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## TURBULENCE MODELS IN PHOENICS

### 5.2.1 The general idea

Several authors have advocated thinking of a turbulent flow as a mixture of TWO fluids, each moving semi-independently in the same space.

The idea formed a part of the thinking of Reynolds (1874) and Prandtl (1925) as they considered how mass, momentum and energy were transported in turbulent fluids; and more recent promoters of the idea include: Spiegel (1972), Libby (1975), Dopazo(1977), Bray(1981), Spalding(1982) and Kollmann (1983).

The notion is easiest to understand (and perhaps of most immediate use) when the two fluids are chemically different, for example cold unburned gas and hot combustion products.

Each fluid is supposed to possess, at each position in space and time, its own velocity components, temperature, composition variables, volume fractions and (perhaps) pressure.

The volume fractions can be regarded as "probabilities of presence".

### 5.2.2 Alternative ways of distinguishing the two fluids

The two fluids can be distinguished in many ways, all of them being arbitrary.

Reynolds and Prandtl distinguished them by direction, fluid moving towards a surface being supposed to have different properties (eg along-surface momentum) from the fluid moving away from it.

For flows in the atmosphere, distinguishing upward-moving from downward-moving air is useful; for the temperature of the one is often markedly different from that of the other.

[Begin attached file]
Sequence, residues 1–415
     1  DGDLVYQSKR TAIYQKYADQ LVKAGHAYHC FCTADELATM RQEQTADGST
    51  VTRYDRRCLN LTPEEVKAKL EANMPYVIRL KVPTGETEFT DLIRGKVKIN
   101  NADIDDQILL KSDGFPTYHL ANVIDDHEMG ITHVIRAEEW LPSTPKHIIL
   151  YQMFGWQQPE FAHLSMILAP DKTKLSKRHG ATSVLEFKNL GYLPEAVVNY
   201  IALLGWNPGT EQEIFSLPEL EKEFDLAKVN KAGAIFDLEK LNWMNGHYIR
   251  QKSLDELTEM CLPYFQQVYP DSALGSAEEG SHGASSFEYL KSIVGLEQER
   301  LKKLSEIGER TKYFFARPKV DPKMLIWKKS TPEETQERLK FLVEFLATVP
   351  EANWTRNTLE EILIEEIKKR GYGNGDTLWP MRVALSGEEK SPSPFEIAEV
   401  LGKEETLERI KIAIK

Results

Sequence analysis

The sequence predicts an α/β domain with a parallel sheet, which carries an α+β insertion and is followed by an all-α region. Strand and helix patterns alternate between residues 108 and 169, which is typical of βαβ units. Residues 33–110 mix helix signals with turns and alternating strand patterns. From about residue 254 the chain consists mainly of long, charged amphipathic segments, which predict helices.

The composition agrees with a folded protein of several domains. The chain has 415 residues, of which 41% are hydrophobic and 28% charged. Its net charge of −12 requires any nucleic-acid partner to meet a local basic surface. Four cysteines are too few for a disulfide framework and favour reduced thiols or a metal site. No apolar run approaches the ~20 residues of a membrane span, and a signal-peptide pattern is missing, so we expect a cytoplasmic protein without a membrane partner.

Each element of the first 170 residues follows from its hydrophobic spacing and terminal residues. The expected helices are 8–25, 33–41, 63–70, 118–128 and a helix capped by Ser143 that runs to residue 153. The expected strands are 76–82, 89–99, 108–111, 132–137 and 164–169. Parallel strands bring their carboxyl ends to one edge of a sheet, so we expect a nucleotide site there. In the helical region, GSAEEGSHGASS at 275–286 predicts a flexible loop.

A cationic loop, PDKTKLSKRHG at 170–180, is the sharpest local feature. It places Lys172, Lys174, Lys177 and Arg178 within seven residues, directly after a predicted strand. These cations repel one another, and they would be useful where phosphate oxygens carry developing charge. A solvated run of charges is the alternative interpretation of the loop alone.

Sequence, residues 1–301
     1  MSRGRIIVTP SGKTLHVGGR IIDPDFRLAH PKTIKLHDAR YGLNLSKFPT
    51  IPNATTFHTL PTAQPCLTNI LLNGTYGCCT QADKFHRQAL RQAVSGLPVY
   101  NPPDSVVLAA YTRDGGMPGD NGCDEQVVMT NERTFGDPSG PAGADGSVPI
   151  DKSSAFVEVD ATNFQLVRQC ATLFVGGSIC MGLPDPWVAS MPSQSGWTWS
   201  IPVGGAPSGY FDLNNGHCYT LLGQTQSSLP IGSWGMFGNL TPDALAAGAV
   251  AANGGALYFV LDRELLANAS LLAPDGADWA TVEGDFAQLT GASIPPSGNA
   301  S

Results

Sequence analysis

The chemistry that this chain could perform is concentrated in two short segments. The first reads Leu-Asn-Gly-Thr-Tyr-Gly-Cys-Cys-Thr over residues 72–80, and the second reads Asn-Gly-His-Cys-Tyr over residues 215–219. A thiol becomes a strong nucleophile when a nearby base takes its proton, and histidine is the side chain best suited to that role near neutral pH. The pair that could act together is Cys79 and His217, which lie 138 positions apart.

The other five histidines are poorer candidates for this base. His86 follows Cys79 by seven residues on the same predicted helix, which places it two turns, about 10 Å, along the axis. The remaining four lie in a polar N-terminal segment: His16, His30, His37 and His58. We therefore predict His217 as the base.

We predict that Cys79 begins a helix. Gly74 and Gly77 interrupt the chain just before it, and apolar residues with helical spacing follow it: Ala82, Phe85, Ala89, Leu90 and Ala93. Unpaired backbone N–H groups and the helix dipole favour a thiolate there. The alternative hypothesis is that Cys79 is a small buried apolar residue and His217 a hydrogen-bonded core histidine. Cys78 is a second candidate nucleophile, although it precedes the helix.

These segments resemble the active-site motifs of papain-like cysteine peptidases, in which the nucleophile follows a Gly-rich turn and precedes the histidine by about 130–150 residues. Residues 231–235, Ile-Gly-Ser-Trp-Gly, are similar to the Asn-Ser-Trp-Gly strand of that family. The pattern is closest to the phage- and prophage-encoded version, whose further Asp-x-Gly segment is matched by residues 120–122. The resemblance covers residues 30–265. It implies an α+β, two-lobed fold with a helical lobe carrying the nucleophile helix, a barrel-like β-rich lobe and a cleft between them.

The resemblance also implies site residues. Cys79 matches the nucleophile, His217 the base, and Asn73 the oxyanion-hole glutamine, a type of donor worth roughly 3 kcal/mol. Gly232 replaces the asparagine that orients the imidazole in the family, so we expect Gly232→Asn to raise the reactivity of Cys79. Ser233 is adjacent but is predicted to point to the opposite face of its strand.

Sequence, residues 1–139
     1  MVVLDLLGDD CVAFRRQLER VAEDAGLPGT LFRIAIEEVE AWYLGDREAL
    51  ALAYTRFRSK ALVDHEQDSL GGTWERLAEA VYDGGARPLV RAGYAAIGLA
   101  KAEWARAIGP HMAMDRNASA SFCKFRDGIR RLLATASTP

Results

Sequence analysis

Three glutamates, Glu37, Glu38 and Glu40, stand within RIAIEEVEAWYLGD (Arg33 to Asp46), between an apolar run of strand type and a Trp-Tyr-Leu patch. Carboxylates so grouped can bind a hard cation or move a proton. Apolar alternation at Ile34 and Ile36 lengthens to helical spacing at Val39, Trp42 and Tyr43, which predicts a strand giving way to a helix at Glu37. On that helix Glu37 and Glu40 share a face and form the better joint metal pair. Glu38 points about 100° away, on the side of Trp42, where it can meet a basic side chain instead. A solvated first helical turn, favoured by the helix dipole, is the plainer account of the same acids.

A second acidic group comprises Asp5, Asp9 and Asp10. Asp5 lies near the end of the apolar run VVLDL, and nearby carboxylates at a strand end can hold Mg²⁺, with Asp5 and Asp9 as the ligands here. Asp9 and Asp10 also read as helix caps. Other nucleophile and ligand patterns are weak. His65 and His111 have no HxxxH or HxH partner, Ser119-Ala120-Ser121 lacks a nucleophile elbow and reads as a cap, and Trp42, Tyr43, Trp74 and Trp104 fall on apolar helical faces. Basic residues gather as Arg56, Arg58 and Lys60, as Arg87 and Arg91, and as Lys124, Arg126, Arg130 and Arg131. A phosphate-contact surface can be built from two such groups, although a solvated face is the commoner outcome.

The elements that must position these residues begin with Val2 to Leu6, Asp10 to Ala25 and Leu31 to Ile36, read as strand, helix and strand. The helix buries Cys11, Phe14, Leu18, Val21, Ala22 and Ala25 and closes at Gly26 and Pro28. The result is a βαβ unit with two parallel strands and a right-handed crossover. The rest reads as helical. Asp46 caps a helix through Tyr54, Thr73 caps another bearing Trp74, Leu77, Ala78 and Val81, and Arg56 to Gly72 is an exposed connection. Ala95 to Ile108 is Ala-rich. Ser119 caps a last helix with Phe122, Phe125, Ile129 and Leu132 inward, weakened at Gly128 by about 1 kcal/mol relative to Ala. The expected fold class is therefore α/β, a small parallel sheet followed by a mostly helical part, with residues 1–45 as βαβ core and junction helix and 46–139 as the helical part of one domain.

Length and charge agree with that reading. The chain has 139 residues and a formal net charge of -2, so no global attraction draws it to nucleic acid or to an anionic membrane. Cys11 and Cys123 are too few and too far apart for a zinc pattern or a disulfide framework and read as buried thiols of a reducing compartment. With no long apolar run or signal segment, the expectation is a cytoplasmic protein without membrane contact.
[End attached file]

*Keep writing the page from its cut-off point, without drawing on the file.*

In a flame, the two fluids may comprise fully-burned gas on the one hand, and fully-unburned gas on the other.

In coastal waters, the two fluids may be distinguished by their salinity.

### 5.2.3 The mathematical problem

The mathematical problem presented by a two-fluid turbulence model is similar to that of predicting the behaviour of a two-phase flow such as a mixture of steam and water. Specifically, TWO sets of differential equations must be solved at the same time; moreover these equation sets are coupled, because:

• mass lost by one fluid is gained by the other;
• heat lost by one fluid is gained by the other;
• momentum lost by one is gained by the other;
• the same is true (apart from chemical reaction at the fluid- fragment boundaries) of transfer of chemical species.

An additional constraint is that the volume fractions of the two fluids must sum to unity.

### 5.2.4 The physics of two-fluid turbulence